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Fish - Seafood at the MGM Casino at National Harbor - Run by ThinkFoodGroup


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Tom Sietsema declared this to be the best seafood restaurant in DC!

I beg to differ.  I would have to assume that Tom got special treatment because every Jose employee is probably required to know his face.

First, no geoduck, no sea urchin, and no hush puppies.  I didn't realize that hush puppies need to be sourced like other pristine seafood.

So we started with some scallop crudo, which should taste mild and sweet.  Ours tasted slightly fishy, which made me want to hide the flavor by ingesting the celery in black pepper giardiniera.

Next, roasted oysters, served with a side of Fresno chili butter sauce.  One of our 5 oysters didn't pop.  I complained and they replaced the order with 5 shucked oysters roasted with the sauce, which actually tasted better.

Lastly, lobster jambalaya.  The rice was slightly crunchy, and if you don't dig out the lobster immediately, it will become overcooked.  I wouldn't say the lobster was perfectly cooked when it arrived at our table, but waiting will make it much worse.  The flavor wasn't anything special.  

Nate Waugaman didn't shine at America Eats Tavern, why would he all of a sudden become the chef at DC's best seafood restaurant?

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Wow.  Does not sound good.  Never understood the whole lobster thing for the longest time.  I would order blue crab over lobster every time. Then my friend, Jon Mathieson, now head chef for the Redskins, served me butter poached lobster not over cooked. An epiphany! 

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1 hour ago, Ericandblueboy said:

Nate Waugaman didn't shine at America Eats Tavern, why would he all of a sudden become the chef at DC's best seafood restaurant?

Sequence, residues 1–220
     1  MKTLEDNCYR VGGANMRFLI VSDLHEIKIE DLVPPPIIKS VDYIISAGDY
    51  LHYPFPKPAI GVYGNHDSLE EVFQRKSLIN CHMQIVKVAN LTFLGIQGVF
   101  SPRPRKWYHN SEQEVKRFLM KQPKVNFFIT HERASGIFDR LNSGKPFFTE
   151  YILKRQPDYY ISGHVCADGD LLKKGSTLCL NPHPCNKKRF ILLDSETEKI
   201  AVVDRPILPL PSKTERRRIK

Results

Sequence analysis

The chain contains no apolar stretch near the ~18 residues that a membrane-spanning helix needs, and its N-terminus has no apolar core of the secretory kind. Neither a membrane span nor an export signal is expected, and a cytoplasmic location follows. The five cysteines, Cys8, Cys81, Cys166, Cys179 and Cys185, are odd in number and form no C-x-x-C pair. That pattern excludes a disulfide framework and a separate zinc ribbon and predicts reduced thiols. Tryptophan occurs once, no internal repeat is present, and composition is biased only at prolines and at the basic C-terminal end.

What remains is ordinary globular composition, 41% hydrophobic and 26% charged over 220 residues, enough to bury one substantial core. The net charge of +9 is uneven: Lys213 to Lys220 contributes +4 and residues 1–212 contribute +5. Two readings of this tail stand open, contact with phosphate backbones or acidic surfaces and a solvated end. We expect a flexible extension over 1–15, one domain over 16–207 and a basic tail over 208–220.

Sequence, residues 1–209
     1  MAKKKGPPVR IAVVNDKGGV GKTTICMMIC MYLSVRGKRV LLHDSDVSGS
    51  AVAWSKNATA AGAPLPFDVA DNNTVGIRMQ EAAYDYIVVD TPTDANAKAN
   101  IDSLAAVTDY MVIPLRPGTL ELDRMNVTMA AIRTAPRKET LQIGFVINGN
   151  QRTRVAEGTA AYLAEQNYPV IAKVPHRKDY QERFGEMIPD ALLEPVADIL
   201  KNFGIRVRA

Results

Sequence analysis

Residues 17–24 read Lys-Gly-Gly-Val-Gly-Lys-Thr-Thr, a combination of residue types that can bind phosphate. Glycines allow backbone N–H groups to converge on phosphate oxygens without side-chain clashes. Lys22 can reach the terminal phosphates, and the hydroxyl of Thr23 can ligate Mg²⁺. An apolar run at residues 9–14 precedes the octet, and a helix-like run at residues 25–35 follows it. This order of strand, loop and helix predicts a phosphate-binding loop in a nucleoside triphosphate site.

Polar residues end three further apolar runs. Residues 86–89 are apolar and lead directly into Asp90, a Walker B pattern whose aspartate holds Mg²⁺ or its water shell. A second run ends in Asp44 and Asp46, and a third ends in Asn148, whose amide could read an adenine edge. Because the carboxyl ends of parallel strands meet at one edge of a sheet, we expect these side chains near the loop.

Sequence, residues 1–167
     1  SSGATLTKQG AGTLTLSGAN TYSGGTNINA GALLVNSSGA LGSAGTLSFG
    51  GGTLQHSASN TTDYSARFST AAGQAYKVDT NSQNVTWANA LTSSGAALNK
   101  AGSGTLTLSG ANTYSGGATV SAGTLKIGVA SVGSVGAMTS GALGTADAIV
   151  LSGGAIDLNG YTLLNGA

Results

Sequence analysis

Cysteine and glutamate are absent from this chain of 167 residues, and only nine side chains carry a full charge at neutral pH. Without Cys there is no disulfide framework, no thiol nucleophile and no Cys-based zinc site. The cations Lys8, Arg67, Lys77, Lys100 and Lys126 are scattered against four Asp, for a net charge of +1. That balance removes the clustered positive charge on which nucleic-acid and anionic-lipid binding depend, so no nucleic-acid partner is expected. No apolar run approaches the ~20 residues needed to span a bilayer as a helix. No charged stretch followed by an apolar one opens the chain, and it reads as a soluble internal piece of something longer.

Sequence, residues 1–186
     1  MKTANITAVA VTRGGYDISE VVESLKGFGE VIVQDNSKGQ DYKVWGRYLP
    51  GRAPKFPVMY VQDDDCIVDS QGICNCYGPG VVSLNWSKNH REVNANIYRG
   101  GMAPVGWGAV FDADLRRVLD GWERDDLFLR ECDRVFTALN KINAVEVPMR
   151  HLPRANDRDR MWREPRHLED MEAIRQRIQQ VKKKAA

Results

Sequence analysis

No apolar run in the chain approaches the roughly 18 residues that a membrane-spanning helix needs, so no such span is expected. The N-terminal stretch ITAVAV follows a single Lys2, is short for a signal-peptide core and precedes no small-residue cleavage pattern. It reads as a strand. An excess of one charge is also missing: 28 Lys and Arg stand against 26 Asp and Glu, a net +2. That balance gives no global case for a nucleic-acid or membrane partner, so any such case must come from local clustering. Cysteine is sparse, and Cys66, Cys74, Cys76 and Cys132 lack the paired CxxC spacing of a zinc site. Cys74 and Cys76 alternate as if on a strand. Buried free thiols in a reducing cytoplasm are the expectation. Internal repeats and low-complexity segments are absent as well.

I certainly agree about America Eats Tavern, a badly flawed menu with uneven and occasionally uninspired execution. Telling me that the chef at America Eats Tavern is now killing it at a seafood restaurant sounds like fake news or alternative facts.

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On 4/2/2017 at 2:16 PM, Kibbee Nayee said:

I certainly agree about America Eats Tavern, a badly flawed menu with uneven and occasionally uninspired execution. Telling me that the chef at America Eats Tavern is now killing it at a seafood restaurant sounds like fake news or alternative facts.

Or, maybe, he learned from his experiences and improved?

I mean really...if you don't like a place, you don't like a place...fine.

But insulting a chef at a restaurant that you've never tried because you didn't like his previous restaurant?

That's a bit of a low blow.

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4 hours ago, mtureck said:

Or, maybe, he learned from his experiences and improved?

I mean really...if you don't like a place, you don't like a place...fine.

But insulting a chef at restaurant t that you've never tried because you didn't like his previous restaurant?

That's a bit of a low blow.

Sorry that you feel that way, but you're entitled to your opinion.

If you have ever tried the cold-in-the-middle vermicelli mac-n-cheese or the gooey-cornmeal-mush gripping the outside of the cornmeal-crusted Maryland catfish, you might hold a similar opinion of America Eats Tavern.

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6 hours ago, mtureck said:

Or, maybe, he learned from his experiences and improved?

I mean really...if you don't like a place, you don't like a place...fine.

But insulting a chef at restaurant t that you've never tried because you didn't like his previous restaurant?

That's a bit of a low blow.

Nate can cook (he can - I've had his cooking enough to know this), but I see no low blows here.

This said, let's all take a deep breath and remember that Johnny Monis came from Chef Geoff's.

Still, I think Eric's post needs to be taken seriously (even though I doubt there are hush puppies at Fiola Mare either).

The best seafood restaurant in the DC area *was* Eat the Rich when Julien Shapiro was chef there.

A 300-seat restaurant at a casino won't be the best seafood restaurant in the DC area for very long, so I would take that statement with a very large grain of (sea) salt.

I was going to go last Friday, but they weren't open for lunch.

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Absolutely agree with Eric's assessment. What a disaster.